This is another failed attempt to write the book
Please forgive any inconvenience caused.
The way forward has proved to be the creation of a course in the subject.
The scripts for that are far superior
Please go to this link for that.
This replaces the previous drafts. It was added on 16th May 2015
When completed, it is intended for publication as an academic paper or book.
An overview giving a lot of details and many powerful concepts in under 3,500 words
ON THE IMBALANCES OF ECONOMIES
By Edward C D Ingram
Edn 7 (draft 1b)
This treatise represents a fundamental shift in thinking of enormous proportions. The benefits expected may be as much as 2% p.a. saved / added to the world’s economic output for generations to come. This is why people need to see it from more than one viewpoint. Common sense is one, academic theory is one, the commercial and business benefits are one, the social-political urgency of dealing with these issues is one, and the problems of implementation smoothly, and reducing net problems of adjustment (eliminating imbalances) in the process, is a critical one.
The utmost confidence in the proposals that are made needs to be generated. This is why writing such a blockbuster of a treatise has taken about a decade to put together. It is also why the acknowledgements run to a few pages. Hundreds of people have made contributions and no doubt hundreds more have been overlooked in the acknowledgements.
For a more detailed abstract, readers are advised to move on to the section entitled BACKGROUND AND SCOPE.
It is suggested that readers skip this section. It has been (will be) placed here before the CONTENTS as an easy-to-find reference page. Please just use it as a reminder when a reminder of what has already been written is needed.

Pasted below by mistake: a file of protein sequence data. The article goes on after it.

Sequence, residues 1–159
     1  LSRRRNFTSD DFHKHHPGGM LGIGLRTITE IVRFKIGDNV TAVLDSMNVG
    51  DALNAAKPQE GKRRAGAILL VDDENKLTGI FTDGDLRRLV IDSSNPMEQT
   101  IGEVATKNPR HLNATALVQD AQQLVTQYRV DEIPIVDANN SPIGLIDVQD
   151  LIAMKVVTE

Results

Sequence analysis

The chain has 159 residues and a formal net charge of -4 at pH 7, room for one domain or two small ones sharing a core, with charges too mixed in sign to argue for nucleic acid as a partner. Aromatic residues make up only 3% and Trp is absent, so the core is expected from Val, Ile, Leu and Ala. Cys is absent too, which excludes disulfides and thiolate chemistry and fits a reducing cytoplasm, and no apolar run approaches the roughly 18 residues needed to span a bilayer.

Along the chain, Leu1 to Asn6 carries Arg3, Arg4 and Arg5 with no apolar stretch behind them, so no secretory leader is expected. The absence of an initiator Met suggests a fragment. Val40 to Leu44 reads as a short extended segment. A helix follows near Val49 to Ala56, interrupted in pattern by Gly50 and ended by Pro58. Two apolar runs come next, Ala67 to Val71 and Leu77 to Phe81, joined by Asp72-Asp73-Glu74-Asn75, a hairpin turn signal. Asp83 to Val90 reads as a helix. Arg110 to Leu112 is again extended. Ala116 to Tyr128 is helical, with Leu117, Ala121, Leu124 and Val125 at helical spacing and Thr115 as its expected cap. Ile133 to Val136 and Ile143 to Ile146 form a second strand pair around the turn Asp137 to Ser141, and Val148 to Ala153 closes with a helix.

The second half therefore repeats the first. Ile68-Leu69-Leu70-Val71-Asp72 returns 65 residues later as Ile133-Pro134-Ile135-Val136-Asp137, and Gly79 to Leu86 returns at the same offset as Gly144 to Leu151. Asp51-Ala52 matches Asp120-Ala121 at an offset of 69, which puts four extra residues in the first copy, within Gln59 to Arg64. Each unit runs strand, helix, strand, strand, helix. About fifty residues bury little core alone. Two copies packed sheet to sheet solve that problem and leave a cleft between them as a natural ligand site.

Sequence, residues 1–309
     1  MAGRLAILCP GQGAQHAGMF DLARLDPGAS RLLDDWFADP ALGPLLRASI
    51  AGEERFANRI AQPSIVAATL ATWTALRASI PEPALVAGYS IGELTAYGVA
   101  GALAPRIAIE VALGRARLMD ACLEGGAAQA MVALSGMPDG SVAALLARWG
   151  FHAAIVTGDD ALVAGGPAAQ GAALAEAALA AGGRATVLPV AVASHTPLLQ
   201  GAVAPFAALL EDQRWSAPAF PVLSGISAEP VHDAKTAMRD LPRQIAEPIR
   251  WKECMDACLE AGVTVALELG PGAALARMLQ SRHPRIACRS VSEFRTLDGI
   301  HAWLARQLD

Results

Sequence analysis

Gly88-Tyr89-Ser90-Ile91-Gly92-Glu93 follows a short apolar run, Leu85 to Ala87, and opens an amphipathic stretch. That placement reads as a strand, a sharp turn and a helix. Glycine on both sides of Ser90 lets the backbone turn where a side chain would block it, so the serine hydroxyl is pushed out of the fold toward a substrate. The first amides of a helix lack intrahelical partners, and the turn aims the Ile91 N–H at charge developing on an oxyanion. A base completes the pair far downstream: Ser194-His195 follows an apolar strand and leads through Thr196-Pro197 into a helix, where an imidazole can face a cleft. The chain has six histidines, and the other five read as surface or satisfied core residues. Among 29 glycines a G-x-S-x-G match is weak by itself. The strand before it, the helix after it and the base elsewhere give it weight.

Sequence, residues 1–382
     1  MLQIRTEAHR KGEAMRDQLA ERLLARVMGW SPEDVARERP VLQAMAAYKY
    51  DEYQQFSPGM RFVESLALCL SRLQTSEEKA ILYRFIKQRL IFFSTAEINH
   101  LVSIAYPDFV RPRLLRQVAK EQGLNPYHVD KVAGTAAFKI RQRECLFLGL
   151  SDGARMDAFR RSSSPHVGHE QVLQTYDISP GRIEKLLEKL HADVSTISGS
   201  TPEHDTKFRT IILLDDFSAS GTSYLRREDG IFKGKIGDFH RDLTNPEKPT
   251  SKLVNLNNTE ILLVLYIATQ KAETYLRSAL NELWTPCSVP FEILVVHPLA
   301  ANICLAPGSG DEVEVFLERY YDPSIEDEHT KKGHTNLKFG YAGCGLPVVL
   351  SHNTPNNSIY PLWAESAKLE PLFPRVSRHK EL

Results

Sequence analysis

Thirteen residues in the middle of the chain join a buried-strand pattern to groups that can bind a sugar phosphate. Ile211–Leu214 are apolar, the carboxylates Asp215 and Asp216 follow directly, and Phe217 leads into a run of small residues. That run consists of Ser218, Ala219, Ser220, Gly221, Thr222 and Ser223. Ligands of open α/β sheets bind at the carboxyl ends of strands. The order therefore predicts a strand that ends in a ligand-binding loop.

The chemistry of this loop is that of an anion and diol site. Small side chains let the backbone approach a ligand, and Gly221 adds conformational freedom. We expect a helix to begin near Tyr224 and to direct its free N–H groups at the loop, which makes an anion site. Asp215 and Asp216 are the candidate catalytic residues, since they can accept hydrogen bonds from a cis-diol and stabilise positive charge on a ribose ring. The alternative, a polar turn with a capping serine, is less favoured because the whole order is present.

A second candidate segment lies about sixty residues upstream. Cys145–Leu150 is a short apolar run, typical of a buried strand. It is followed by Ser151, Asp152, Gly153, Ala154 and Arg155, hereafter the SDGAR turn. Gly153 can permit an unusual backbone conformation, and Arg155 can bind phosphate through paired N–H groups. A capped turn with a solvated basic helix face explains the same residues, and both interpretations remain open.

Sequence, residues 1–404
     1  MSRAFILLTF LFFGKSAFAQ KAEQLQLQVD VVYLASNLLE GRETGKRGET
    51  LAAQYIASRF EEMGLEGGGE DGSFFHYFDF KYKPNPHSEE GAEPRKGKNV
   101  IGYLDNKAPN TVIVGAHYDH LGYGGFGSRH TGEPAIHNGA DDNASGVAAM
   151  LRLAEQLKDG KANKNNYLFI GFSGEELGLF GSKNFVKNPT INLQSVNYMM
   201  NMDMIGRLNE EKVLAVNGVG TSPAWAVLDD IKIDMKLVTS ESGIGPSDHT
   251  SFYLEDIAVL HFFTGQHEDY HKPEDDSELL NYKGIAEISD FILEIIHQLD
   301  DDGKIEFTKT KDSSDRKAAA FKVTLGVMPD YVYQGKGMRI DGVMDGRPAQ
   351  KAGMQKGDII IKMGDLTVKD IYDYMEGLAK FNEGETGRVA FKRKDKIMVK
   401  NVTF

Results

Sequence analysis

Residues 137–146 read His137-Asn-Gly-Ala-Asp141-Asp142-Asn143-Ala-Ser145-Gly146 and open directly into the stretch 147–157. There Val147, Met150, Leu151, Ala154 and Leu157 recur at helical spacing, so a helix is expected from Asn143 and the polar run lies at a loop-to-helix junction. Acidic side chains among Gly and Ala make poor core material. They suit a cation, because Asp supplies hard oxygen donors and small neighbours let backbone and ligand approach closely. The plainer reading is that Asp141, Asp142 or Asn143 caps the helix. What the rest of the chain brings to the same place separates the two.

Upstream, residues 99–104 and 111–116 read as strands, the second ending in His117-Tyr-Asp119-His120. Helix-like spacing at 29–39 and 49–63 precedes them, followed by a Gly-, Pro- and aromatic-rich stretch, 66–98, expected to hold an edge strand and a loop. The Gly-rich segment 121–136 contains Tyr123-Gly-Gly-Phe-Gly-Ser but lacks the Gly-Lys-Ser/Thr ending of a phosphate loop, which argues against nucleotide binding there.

The reason for this is that there are new concepts that are necessary to explain and define what is being said. These will be found in the texts, not here.
I will create a url for this intil final drafting
To be extended sometime, no hurry.
Table of Contents so far
Table of Contents
ABOUT THE AUTHOR.. 3
BACKGROUND AND SCOPE.. 3
#1 SAVINGS AND DEBT.. 3
SATISFYING ECONOMISTS AND FINANCIAL INSTITUTIONS. 4
#2 THE INTEREST RATE (PRICE OF BORROWING) CONUNDRUM... 6
#3 CURRENCY PRICING.. 8
DIFFICULTY OF WRITING THIS TREATISE...8
After identifying three major problem areas in which imbalances are generated by the financial / economic framework, the bulk of the paper is devoted to explaining the alternative frameworks which the writer has to offer, in detail. The research and development process has greatly benefited from his long experience as a financial adviser and investment manager, which informed him clearly about what markets need and how they are unable to obtain what they need. His engineering knowledge of the behaviour and management of complex systems, learned in his student days, was also useful. His life-time habit of asking more questions than anyone else at seminars, and as a student, provided him with a greater understanding of the entire subject of broad (macro-) economics and finance than most others ever seem to achieve. That learning process continues even today through daily online discussions. Some gaps remain but not enough to throw doubt upon the analysis of the source of the problems.